John Cooke of Union Street, Stonehouse (1823-1845)

 When, in 1823, another plan of the breakwater was published (30), Cookes Plymouth Breakwater with the transverse section of the completed section, Cooke´s address is 48 Union Street for the first time. There is no mention of the Copper-Plate Engraving and Printing Office or of Mrs Nile. 


Fig. 35. Print of the Royal Hotel and Plymouth Theatre. 

Apart from his maps and charts, not many other engraved works by Cooke have been discovered. Besides the dedication and the heraldic arms for Gilbert already mentioned, Somers Cocks[1] lists a J Cooke for only two topographical prints; the first is of the Royal Hotel and Plymouth Theatre designed by John Foulston and completed 1818 (80 x 310 mm). This was published and sold separately, has Cooke´s address as 48 Union Street (Mrs Nile’s address) and is tentatively dated to 1820 (Fig. 35), although according to a newspaper advertisement John Whitten took over management of the hotel in August 1817.[2]

In 1810 Foulston won a competition to design the hotel and theatre. He moved to Plymouth and went on to design and construct many more important buildings. The Royal Hotel and Theatre building, and the neighbouring Athenaeum, were completed circa 1818.

The second entry in Somers Cocks - Cooke, - (lith) - refers to one illustration in Sanford’s editions of The Tourist’s Companion already mentioned. This particular edition appeared in 1828 and 1830[3] and included a small engraving of Stoke Church, Devonport. The signatures are A. Rae delt and Cooke Stonehouse (Fig. 36). Stoke Church is often given special inclusion in his plans and is actually drawn in on some. 



Fig. 36. Stoke Church: From Cooke´s Plan of 1821 (left); and from editions of The Stranger’s Guide (right). 

Between these two engravings Cooke was engaged to produce four plates for William Welch of Stonehouse. Religiosa Philosophia was the presentation of a New Theory of the Earth in unison with the Mosaic account of creation and appeared in 1821 with an Improved Edition in 1822 (Figs. 37 and 38).[4] Printed for the Author by W Byers, Fore Street, Plymouth-Dock the first edition was to be sold by G and W B Whittaker in London but also by local booksellers such as Curtis, Rowes, Bond and May all in Plymouth and Dyer, Cullum, and Besley in Exeter. The second edition was improved with the inclusion of An Essay on Magnetic Influence and the Variation of the Needle (a subject omitted in Cooke´s Synopsis) and sold by Longman and Co., and by Whittaker and Co., London.


Fig. 37. Diagram of a fossil for W Welch´s Religiosa Philosophia, 1821.

In its 133 pages Welch tried to match the fossil findings of the day with the story of the Bible, but rejected the idea of one great flood being responsible. As almost all the fossil reports he had to go on, were of marine life, he was convinced that the Earth had been covered by water at one time and this had receded when God commanded: And God said, Let the waters be gathered together into one place, and let the dry land appear. And it was so, and God called the dry land EARTH, and the gathering together of the waters, called he SEAS.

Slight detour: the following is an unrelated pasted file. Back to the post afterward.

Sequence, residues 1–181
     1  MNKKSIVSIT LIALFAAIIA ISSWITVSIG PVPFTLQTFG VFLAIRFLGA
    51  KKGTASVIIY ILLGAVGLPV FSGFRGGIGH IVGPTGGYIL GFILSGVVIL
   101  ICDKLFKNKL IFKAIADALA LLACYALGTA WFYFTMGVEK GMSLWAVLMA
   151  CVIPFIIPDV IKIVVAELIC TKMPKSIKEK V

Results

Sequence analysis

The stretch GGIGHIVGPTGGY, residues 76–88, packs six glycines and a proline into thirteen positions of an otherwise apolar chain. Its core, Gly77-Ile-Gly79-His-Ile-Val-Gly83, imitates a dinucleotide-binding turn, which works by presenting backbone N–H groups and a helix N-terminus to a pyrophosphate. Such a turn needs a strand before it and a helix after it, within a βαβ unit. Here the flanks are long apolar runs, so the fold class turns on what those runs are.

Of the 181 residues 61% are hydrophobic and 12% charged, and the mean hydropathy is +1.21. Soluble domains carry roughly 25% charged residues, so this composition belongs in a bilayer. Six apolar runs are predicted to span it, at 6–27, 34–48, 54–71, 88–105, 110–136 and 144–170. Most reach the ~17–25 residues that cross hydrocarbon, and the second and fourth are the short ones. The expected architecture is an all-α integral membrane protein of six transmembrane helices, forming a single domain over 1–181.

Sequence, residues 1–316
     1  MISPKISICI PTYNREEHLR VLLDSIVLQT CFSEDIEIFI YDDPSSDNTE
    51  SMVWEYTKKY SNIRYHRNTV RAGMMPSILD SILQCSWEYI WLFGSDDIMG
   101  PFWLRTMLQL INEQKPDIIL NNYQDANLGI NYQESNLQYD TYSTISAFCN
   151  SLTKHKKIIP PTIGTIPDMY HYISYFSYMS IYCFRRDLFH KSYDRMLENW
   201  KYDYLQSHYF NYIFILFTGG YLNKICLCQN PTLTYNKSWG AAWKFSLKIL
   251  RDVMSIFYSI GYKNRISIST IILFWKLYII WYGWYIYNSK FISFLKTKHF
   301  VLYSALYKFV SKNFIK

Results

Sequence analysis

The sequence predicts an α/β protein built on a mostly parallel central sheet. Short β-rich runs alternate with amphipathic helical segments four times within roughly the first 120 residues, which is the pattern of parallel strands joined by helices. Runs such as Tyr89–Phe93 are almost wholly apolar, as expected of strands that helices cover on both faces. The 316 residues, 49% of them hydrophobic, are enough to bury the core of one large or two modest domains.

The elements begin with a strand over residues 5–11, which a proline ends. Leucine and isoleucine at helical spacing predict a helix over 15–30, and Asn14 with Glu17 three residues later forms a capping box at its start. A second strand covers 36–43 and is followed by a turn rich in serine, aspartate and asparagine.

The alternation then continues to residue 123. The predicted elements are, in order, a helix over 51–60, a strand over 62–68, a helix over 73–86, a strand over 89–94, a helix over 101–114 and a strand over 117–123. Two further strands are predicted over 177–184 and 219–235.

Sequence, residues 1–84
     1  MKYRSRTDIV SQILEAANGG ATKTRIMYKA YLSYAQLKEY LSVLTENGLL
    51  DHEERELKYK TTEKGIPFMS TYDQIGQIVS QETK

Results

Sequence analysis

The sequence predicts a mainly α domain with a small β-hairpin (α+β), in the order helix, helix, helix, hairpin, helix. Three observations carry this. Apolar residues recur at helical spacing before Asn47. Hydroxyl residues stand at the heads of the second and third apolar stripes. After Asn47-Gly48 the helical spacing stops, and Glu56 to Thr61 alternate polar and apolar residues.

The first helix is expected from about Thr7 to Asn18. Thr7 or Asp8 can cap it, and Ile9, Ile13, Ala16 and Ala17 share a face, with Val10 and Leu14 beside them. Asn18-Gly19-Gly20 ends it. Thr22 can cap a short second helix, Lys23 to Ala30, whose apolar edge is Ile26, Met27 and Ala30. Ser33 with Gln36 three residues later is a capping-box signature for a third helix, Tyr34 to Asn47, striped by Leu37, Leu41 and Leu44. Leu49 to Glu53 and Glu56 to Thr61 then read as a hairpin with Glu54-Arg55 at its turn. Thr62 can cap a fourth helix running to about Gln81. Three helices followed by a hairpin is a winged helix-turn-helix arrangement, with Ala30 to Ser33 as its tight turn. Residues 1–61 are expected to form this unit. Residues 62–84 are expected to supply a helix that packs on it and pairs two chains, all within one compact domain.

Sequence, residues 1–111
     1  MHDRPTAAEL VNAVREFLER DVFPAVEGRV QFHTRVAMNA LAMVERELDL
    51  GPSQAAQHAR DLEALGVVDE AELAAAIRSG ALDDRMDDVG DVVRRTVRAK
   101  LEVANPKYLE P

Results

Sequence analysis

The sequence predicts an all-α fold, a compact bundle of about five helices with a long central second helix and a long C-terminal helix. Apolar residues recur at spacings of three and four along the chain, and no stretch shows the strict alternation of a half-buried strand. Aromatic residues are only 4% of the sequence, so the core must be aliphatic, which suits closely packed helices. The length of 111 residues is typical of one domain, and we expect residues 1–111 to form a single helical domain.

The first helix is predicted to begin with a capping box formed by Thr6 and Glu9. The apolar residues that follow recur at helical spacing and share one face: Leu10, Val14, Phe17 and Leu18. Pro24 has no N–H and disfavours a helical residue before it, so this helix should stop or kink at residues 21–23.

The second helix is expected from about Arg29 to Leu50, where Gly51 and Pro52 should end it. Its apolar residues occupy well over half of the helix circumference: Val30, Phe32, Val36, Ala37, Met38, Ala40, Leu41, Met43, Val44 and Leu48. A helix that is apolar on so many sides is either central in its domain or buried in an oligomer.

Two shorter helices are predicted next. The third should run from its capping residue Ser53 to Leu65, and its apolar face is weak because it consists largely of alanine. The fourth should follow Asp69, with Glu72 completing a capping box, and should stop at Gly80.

Fig. 38. The Firmament for W Welch´s Religiosa Philosophia, 1821. 

Reports of marine fossils date back to very early times, writers such as Xenophanes (570-480 BC), Herodotus (484-425 BC) and Erathostenes (276-194 BC) all believed land had been under water at one time. At about the time that Welch began formulating his theory, Georges Cuvier had consolidated his theories and wrote Recherches sur les ossements fossils de quadrupeds (1812) and lay the foundations of palaeontology, a word which was first coined in 1822 by Henri Marie Ducrotay de Blainville.

One of the four plates Welch engaged John Cooke to execute was an attractive frontispiece – And God made the Firmament .. – with signature Aqua Tint by John Cooke, Stonehouse. This is one of only a handful of known aquatints by Cooke. The slim volume also had two plates of fossils and one further cross-section of 2 mines and the Giant´s Causeway (each plate approx. 200 x 120 mm). There were over 140 subscribers to this work, one being Cook, Mr John, Stonehouse [sic].

In December 1825, a curious single page broadside was published by John Cooke from 48 Union Street. This was a page of text, illustrated with an engraving showing a balloon landing in the sea between Stokehead and Yealm Point, near Plymouth, Devon. George and Margaret Graham, well-known and accomplished balloonists, were no strangers to Devon when they made a tour of the westcountry in 1825. An advertising announcement in the Alfred of August 31st the previous year apologises for failed ascents by Mr Graham in Exeter the previous Tuesday and also in Taunton shortly before and promising to fly his balloon in Exeter on 7th September of that year. One third of receipts were to go to the Royal Devon and Exeter Hospital (Fig. 39).